Vladimir Putin. Photo: dpa/AP | Patrick Semansky

Federal prosecutors said in a statement that the suspect, identified only as Ilnur N., had been taken into custody on Friday on suspicion of “working for a Russian secret service since early October 2020 at the latest”.

Ilnur N. was employed until the time of his arrest as a research assistant for a natural sciences and technology department at the unnamed German university.

German investigators believe he met at least three times with a member of Russian intelligence between October 2020 and this month. On two occasions he allegedly “passed on information from the university’s domain”.

He is suspected of accepting cash in exchange for his services.

German authorities searched his home and workplace in the course of the arrest.

The suspect appeared before a judge on Saturday who remanded him in custody.

‘Completely unacceptable’

Neither the German nor the Russian government made any immediate comment on the case.

However Moscow is at loggerheads with a number of Western capitals after a Russian troop build-up on Ukraine’s borders and a series of espionage scandals that have resulted in diplomatic expulsions.

Italy this month said it had created a national cybersecurity agency following warnings by Prime Minister Mario Draghi that Europe needed to
protect itself from Russian “interference”. 

The move came after an Italian navy captain was caught red-handed by police while selling confidential military documents leaked from his computer to a Russian embassy official.


The leaders of nine eastern European nations last month condemned what they termed Russian “aggressive acts” citing operations in Ukraine and “sabotage” allegedly targeted at the Czech Republic.

Several central and eastern European countries have expelled Russian diplomats in solidarity with Prague but Russia has branded accusations of its involvement as “absurd” and responded with tit-for-tat expulsions.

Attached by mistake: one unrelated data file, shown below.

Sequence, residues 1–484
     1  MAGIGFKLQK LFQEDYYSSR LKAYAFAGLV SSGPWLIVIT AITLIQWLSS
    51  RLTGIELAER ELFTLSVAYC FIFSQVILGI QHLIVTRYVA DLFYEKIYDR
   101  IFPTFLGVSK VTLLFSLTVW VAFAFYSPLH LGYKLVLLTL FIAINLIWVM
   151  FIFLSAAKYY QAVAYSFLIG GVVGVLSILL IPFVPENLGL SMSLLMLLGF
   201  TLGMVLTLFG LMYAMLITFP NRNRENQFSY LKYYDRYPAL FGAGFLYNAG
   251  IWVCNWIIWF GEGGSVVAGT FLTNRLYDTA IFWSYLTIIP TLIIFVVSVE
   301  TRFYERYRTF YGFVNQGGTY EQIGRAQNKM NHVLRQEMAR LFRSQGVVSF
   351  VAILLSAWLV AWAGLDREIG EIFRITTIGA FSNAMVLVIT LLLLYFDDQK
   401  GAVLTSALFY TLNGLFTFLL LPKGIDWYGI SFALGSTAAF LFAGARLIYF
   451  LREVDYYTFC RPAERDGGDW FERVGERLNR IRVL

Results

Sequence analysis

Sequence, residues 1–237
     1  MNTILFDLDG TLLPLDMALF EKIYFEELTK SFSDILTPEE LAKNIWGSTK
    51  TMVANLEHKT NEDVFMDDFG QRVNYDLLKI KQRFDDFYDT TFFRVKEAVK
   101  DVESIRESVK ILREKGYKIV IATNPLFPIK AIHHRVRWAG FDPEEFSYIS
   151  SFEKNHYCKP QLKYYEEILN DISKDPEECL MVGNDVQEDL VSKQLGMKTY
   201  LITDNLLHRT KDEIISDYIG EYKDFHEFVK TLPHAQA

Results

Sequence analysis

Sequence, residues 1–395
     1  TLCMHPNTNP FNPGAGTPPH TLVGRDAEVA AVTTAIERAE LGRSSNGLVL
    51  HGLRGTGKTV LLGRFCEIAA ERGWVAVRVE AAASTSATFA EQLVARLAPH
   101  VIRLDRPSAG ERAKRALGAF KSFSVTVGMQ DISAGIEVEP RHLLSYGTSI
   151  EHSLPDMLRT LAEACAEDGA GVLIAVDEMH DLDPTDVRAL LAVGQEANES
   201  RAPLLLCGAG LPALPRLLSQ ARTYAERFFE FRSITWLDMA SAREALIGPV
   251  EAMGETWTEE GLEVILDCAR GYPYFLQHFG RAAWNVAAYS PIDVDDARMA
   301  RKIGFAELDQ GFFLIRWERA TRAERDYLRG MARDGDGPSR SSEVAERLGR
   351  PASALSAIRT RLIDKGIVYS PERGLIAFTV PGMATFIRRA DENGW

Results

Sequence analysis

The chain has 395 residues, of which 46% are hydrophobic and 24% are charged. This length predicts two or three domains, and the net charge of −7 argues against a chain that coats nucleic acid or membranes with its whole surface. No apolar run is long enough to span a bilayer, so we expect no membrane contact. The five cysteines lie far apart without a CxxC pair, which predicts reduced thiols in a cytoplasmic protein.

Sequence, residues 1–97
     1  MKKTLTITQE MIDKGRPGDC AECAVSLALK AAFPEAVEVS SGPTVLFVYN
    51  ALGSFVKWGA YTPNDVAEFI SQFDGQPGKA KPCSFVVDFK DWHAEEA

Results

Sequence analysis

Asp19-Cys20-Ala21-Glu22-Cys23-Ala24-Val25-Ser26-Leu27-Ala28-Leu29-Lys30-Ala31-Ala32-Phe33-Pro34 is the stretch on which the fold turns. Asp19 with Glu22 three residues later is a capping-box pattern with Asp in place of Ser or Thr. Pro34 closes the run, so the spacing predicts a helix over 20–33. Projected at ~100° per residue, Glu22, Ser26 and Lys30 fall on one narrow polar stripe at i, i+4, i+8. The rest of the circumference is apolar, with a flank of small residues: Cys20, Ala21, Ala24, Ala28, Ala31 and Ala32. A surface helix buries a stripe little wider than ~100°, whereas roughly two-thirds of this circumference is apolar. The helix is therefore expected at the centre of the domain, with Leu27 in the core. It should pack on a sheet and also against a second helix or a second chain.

The latest espionage case also comes at a time of highly strained relations between Russia and Germany on a number of fronts including the ongoing detention of Kremlin critic Alexei Navalny, who received treatment in Berlin after a near-fatal poisoning.

Chancellor Angela Merkel’s government has moreover worked to maintain a sanctions regime over Moscow’s annexation of the Crimean peninsula, the scene of ongoing fighting between pro-Russia separatists and local forces.

And Germany has repeatedly accused Russia of cyberattacks on its soil.

The most high-profile incident blamed on Russian hackers to date was a cyberattack in 2015 that completely paralysed the computer network of the Bundestag lower house of parliament, forcing the entire institution offline for days while it was fixed.

German prosecutors in February filed espionage charges against a German man suspected of having passed the floor plans of parliament to Russian secret services in 2017.

Foreign Minister Heiko Maas last week said Germany was expecting to be the target of Russian disinformation in the run-up to its general election in September, calling it “completely unacceptable”.

Russia denies being behind such activities.

Despite international criticism, Berlin has forged ahead with plans to finish the Nord Stream 2 pipeline, set to double natural gas supplies from Russia to Germany.